An Outdoorsman's Journal

                                                                               Spring Lake for Gators

Hello friends,


From about 1992 until 2018 I averaged catching between 1 to 3 northern pike per year that was 40-inches or more. Many of these were caught through the ice and a few in June in Canada and I have never hit 43-inches. With the end of winter approaching I decided to head to Pool 5 on the Mississippi River near Buffalo City where I would hike in. There would be three trips and spend two nights sleeping on the ice and try to make some meat and catch a trophy.

Friday, March 8th

High 33, low 22

The trek in would not have been so difficult had it not been for 10-30 inches of snow which had 6-inches of water underneath it. Slush on the ice is the story for most ice fishermen this past winter. I pulled three Otter sled loads in with each trip being a 20 minute, mind over matter/pain experience.

It has been about 6 years since I have fished here and I forgot where to put my camp, I say this because some places you are over 4-feet of water and a stones throw away you have 30.

I started to build my camp over 20-feet of water and put out three tip ups with one over 5-feet of water and one over 14 and the other over 20. About three in the afternoon I had my only flag and caught a small northern pike on the tip up over 5-feet of water.

I then made an executive decision, moved my other two tips ups, and fished in the same same depth as where I caught the fish. I also moved my camp.

I had my pup Ruby along for companionship, built a very comfortable camp, and went to sleep shortly after dark.

Saturday, March 9th

High 34, low 27


A good sized snow and wind storm was predicted for today. From first light until 9:00 I had no action. Then I started having flags and the fish were taking out line and dropping my minnow which was rigged with a steel leader that had a spinner on it for attraction. At noon I made an executive decision and switched all three tip ups over to 20-pound mono filament for leaders and the action was immediate but my fish were still small.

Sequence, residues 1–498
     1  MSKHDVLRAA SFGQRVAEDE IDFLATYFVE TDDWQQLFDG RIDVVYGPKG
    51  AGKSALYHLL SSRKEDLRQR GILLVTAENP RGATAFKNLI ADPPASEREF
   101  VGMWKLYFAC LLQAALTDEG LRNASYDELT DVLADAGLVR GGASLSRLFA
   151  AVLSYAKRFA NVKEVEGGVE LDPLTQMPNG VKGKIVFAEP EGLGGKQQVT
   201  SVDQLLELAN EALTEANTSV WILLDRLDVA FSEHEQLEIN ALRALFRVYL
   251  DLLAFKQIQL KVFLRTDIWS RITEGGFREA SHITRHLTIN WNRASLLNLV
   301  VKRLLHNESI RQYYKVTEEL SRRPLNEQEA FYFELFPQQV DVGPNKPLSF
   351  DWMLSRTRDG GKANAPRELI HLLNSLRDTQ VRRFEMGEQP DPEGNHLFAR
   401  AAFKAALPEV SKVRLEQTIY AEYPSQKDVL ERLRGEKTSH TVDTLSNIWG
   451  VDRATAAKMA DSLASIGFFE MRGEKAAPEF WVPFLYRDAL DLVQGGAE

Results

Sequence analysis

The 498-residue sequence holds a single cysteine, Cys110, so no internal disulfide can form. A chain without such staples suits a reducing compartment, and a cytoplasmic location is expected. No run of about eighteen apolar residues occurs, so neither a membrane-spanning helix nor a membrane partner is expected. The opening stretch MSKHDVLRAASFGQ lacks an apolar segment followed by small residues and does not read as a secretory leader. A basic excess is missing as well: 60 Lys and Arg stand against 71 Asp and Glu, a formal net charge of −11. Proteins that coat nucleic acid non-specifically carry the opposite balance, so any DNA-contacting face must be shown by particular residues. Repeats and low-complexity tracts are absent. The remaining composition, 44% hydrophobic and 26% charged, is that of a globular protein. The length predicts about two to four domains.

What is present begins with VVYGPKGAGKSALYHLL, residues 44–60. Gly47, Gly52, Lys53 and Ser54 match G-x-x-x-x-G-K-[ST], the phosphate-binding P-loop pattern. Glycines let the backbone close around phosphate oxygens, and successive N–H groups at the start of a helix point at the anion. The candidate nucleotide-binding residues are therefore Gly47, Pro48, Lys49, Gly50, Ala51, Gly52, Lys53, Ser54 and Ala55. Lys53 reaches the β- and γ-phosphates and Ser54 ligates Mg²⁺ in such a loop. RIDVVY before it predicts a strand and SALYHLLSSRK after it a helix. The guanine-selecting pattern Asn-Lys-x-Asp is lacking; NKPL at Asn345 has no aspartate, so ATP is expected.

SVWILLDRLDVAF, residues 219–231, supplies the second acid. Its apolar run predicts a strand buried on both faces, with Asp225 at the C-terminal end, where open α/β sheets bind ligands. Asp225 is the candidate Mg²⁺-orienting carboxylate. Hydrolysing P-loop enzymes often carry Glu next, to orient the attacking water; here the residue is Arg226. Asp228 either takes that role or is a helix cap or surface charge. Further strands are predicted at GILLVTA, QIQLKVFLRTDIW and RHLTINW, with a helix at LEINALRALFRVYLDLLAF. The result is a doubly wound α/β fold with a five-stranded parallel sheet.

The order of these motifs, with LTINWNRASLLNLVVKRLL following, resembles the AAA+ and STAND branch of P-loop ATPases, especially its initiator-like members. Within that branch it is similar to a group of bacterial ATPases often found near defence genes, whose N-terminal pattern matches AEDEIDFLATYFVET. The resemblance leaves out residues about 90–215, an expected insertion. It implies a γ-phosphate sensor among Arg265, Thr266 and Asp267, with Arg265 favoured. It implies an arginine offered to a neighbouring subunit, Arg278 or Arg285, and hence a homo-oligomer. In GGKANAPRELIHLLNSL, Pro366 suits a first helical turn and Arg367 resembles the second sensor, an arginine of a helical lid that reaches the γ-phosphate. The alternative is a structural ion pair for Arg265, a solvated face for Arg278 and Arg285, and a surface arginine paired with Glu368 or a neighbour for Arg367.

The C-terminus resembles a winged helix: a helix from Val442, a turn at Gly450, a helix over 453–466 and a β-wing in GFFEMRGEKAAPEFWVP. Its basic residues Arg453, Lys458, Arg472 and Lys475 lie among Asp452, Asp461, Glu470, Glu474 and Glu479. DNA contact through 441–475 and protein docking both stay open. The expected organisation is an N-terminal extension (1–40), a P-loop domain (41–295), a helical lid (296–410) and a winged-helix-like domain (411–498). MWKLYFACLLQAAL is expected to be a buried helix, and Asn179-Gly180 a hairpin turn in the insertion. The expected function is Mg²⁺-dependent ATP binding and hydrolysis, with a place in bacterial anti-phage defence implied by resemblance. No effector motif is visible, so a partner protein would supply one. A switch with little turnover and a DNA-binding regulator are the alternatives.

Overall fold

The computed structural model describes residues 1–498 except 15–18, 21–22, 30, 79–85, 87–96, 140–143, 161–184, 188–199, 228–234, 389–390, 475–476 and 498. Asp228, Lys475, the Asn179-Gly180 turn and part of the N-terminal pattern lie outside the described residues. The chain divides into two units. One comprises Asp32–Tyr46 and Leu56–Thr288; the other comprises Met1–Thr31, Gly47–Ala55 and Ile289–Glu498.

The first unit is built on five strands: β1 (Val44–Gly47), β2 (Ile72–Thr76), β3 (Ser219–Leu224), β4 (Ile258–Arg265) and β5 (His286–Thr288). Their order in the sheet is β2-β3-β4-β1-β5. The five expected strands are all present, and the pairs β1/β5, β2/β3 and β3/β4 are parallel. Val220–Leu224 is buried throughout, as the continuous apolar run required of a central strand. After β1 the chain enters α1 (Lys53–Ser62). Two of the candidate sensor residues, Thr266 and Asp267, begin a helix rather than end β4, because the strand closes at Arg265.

It was at this time that the wind was really blowing and a rain/sleet mix began. At about two I caught a 32-inch northern, and at that time the fishing became incredible. Each tip up was a good hundred yards from camp and walking in the snow/slush was a unique challenge as was landing fish.

The storm was predicted to be a dandy and I have to tell you I was loving life. I had my Eskimo ice shack secured with every rope and ice anchor that I had. Inside my shack I had a comfortable cot, a cook stove, heater, a propane light, a kitchen, and most importantly the gators were hungry and I knew Mrs Pigasauras was not far off.

I had one in the very heavy category bite threw my line, and at dark I had 4 dandies on the ice and let 8 go for a truly incredible afternoon.

That evening I listened to the snow hit the shack and the wind try to blow my shack away from the very comfortable confines of my sleeping bag.

The next morning the fish were hungry again, the three trips hauling gear out really kicked my you know what. In a lot of cases it’s a grunt, a lunge and keep on moving forward.

I had so much fun and was kind of bumming that I would not be returning this winter but good luck came my way when I realized Selina had the following weekend off from her job at the Necedah Kwik Trip and she wanted to go back to Spring Lake and try to catch a big gator!

Live till ya die! Sunset